Over the Columbus Day holiday, Saturday Night Live star Kenan Thompson made headlines when he stepped into the debate about whether or not his show, which in its history has only featured four African-American women as members of the recurring cast, needed to add a black woman to the roster. “It’s just a tough part of the business,” Thompson told TV Guide’s Sadie Gennis. “Like in auditions, they just never find ones that are ready.”
It was a statement that seemed to suggest either an exceptionally shallow talent pool of African-American comediennes, or a low level of preparation or professionalism, and as such, Thompson’s analysis of Saturday Night Live’s was met with both a lot of frustration, many suggestions of very talented, very funny black women he’s overlooked, and anger at SNL czar Lorne Michaels, who bears larger responsibility than Thompson for the show’s composition. None of these reactions are unreasonable. SNL has a long history of failing to cast African-American women that suggests larger issues in the comedy talent pipeline, and in Michaels’ use of his considerable power to bend the curve on the composition of the mix of comedians who get the benefit of a stint on SNL, itself a potential launching pad for even more significant opportunities. These are all things we need to discuss.
But one casting director, who goes by the handle HelloMocha*, hopped on Twitter to recount her own experiences trying to cast black female comedians for a client in recent months. And in addition to questions of individual availability, she raised a number of structural factors that might genuinely be making it more difficult for SNL and similar shows to find the kind of cast members they’re looking for:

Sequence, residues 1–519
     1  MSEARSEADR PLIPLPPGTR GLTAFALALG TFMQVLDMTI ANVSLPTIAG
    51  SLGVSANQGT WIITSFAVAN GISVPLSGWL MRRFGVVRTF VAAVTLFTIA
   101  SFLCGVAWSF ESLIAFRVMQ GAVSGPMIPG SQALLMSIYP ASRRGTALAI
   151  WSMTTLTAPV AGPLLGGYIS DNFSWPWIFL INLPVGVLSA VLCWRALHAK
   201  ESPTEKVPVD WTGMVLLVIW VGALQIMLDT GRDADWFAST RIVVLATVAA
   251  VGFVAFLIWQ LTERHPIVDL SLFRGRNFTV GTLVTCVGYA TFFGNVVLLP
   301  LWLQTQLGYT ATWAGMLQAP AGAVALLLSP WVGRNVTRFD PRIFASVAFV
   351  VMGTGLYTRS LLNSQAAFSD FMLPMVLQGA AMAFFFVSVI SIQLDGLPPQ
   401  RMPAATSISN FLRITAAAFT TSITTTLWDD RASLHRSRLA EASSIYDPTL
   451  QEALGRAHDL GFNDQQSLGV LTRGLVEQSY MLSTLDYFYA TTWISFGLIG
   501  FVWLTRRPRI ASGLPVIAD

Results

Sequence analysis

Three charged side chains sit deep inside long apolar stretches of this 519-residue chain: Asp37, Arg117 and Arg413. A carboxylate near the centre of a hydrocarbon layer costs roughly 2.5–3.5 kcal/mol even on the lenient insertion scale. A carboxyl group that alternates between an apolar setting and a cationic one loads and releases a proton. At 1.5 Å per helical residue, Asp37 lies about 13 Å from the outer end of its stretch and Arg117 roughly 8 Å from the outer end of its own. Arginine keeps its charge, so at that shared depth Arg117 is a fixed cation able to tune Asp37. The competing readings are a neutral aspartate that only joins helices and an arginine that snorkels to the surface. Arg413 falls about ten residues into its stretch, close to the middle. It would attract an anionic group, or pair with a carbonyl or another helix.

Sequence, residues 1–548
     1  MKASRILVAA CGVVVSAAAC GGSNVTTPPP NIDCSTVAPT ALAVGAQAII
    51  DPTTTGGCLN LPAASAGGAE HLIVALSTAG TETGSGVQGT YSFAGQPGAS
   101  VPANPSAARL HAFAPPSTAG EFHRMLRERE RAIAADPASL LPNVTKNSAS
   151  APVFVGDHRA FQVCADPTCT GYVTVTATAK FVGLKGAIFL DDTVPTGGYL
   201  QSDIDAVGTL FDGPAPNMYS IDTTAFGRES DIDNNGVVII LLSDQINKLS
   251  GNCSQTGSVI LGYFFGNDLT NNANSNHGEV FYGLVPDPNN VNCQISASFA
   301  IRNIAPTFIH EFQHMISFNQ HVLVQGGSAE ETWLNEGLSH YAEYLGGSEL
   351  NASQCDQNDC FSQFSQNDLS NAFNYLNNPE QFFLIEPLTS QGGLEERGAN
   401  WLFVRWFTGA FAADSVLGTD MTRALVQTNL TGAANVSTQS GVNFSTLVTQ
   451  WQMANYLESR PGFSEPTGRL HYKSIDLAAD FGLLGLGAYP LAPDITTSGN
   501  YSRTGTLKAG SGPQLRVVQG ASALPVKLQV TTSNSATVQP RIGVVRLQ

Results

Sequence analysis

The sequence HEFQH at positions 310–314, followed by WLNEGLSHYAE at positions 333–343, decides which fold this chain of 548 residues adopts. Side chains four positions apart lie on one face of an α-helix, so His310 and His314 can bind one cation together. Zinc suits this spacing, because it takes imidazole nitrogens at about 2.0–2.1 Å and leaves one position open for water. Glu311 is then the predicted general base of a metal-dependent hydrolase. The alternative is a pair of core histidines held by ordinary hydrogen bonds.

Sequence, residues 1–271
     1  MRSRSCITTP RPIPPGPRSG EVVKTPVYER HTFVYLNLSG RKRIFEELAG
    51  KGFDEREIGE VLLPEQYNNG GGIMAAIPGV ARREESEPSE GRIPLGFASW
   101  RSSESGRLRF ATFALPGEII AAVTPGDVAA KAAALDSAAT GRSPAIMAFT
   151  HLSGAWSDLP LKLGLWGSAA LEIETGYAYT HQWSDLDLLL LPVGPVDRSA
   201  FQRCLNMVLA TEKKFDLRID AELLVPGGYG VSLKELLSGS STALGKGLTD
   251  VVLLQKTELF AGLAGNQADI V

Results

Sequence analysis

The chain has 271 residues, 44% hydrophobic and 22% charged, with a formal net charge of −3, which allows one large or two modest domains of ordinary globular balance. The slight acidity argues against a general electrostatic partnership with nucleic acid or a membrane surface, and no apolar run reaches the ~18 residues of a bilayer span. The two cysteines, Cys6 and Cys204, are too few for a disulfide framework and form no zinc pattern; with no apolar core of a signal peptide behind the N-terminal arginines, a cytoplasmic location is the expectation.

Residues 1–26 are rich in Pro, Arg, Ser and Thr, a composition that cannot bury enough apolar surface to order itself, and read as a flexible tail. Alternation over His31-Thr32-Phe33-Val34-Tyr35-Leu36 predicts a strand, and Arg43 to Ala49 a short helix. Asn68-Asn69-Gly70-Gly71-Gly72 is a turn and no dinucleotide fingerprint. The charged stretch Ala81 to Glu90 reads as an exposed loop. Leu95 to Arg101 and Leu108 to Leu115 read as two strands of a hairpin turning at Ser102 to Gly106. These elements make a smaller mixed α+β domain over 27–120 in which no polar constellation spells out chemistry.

One Casting Director’s Experience Finding African-American Women ComicsCreate stories using social media. Turn what people post on social media into compelling stories. Collect the best…storify.comIf, for example, black women are getting locked into extremely restrictive contracts that make it difficult for them to audition for other parts until the life of those deals are done, that’s a significant factor, one reminiscent of the recording deals that stalled Darlene Love’s singing career, and something that’s worth taking into account. Maybe agents are representing clients in a way that’s intended to juice their own commissions, while minimizing the work they have to do on behalf of the women they represent — saying a client is offer-only might mean she doesn’t have to audition, but it also means less interim hustling for the agent — and hurting their prospects as a result. And maybe women who aren’t responding to query emails aren’t getting the support they need from their agents, or anyone at all, to manage the volume of correspondence and to sort out promising inquiries. HelloMocha’s experience suggests a range of practices it’s worth looking into, rather than just making more lists of potential candidates for SNL to consider.
If Saturday Night Live isn’t finding African-American women it wants to add to its cast, that may be true, but true for reasons beyond the state of the talent pool and bad luck. Maybe Thompson is throwing African-American women under the bus. Maybe Lorne Michaels isn’t looking hard enough. But it’s well worth looking around for larger structural factors, so the next time SNL is filling slots in its cast, they have fewer excuses to hide behind.
*Many thanks to Nichole for pointing me in her direction.